All these things added up together, guarantee, add up to success. Success means both inner success — because by the time you end with something that works you’re in a much better place psychologically than when you began, and in a much better place creatively, and spiritually, and so on — then it also adds up to outward success. Because the outward is really a mirror of what’s going on inside of you, and that’s how you find abundance.

Jonny Nastor: Yeah, I agree. With finding success and working through the hard problems. Somebody emails you about a video game, and his idea, and you say, “Well, just make the game.” But what about if you think, “Well, maybe I’m not someone to make a video game?” You know what I mean. Does anybody know what they’re doing before they do it?

James Altucher: I don’t think so. I gave just the basics of what I view as entrepreneurship. Kind of the second layer is this tricky layer, where you do things that you have no idea what you’re doing. This is important because nobody really knows the future.

A great example is there was this company. I’m sure some of you listeners know of this story. There was this company called Odeo, which was like a podcasting platform. They made software to help people do podcasts. Check out our definitive guide on how to start a podcast. It wasn’t really doing that well. This was like in 2005. It wasn’t really doing so great, and some of the programmers started a project on the side where they could send SMS-style messages to each other. That little side project started taking off.

The CEO of Odeo said to all of his investors — and they were all the best venture capitalists in the world. They were the top guys. You would think they would know the future one way or the other, and they had all made their bet on Odeo, on the podcasting software — the CEO said to them, “Listen, it’s not really working out. This little side project seems fun, but it only has 10,000 users, which is not a lot in the grand scheme of things. I am willing to make sure you’re all even. I will give you back all of your money at cost. All of the money you invested in my company, or you can stay in and we’re going to play with this new little project that only has 10,000 users.”

He gave that offer to all of his investors, and they were all venture capitalists, all professionals. A 100% of these professional investors said, “I’m going to take my money back. I really do not want to go into your other little crappy project.” So he gave them all their money back, and the other project eventually went public. It’s a little company called Twitter. It was just a huge success. Who would know? All these professionals didn’t know. The CEO didn’t really know. He was just excited about it. He had already made his tens of millions when he sold Blogger to Google, so he wasn’t sweating it that much either. Which is why he’s probably not the CEO anymore. He gave it to a different CEO.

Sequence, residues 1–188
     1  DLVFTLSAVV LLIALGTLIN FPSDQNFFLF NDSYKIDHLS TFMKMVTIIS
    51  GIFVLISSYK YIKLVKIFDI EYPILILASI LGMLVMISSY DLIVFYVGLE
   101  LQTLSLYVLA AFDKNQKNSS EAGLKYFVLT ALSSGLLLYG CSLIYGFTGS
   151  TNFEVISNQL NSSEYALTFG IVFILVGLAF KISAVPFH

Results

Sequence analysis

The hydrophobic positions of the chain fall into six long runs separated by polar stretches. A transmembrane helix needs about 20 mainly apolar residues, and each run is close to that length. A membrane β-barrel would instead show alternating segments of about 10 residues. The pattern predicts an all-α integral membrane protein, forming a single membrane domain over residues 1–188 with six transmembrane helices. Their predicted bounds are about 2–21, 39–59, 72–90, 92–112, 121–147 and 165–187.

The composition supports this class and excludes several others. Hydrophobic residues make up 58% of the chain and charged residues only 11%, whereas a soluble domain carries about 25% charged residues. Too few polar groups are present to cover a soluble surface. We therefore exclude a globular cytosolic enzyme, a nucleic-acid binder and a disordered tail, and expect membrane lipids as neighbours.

Exactly How to Make a Living in Six Months, a Great Living within Two Years, and Become Rich within Three to Four Years

Nobody really knows the future, so you kind of have to make that leap into something you don’t know. In an extreme case, let’s say this guy does not know how to make a video game. Well, there are a thousand companies out there that you can delegate to, “I have this idea for a video game. Can you make it?” They’ll say, “Sure. It’ll cost you $3,000. We’ll make it for you from beginning to end.” Then he can say to himself, “Well, what if they steal my idea?” Which, by the way, they’re not. One out of a thousand steal, or one out of a hundred thousand steal ideas. But okay, worse come to worse, outsource it to a software company in India. Let them steal it in India. They’re not going to be able to market it here in the U.S. the way you would because you have the passion for it. Passion is always the best way to protect an idea.

That’s how he would handle the situation if he didn’t know how to program video games. Now he’s got a video game. He doesn’t know how to market it. Okay, well he does know how. He can put it in the app store on iTunes and on Google. Then he can make Facebook ads. You can make a Facebook ad for as cheap as like $5. You can make 20 of them, and you could test which ones people are clicking on and actually downloading the app. Then, when you see one that works, out of your 20 ads, you can start adding money to that one and so on.

There’s many blogs, and books, and texts on how to market apps now even. Or you can hire a company to help you market your app and pay them per performance. Again, you don’t have to know anything. In fact, what I would encourage that guy to do is to come up with 10 ideas for apps or games, and make all of them. Try all of them.

A lot of people think, “Oh, well, I know how to make a car, so I better start a car company.” Well, we live in a different world now, you know. A car company cost you a million dollars back in 1900. An app company costs you a few thousand dollars to start. Start 10 app companies, and see what happens. That’s how it’s worked for me in every single case. I had no idea what I was doing. I started many things, and some things worked. Actually most, 90% of things did not work, and one thing worked. Or zero things worked. And then I would either focus on the one thing that worked, or I would throw away all the ideas and start something new.

Jonny Nastor: Yeah. Exactly. Or you can give the ideas, like you always say. If you have 10 ideas — if you write 10 ideas down for great video games, he can just give those to somebody else. I actually just, in my email on Monday, somebody randomly — his name is Andrew, I believe. Monday morning I woke up and there was 10 ideas. A couple of them were actually really, really smart. The other ones were like, “Okay, I’ve thought of that.” But it was like, “Here’s what you can do with Hack the Entrepreneur, and different business places you can go. Here’s a section on books you can create. Here’s a … ” I was like, “Wow, who is this guy?” And I responded to him.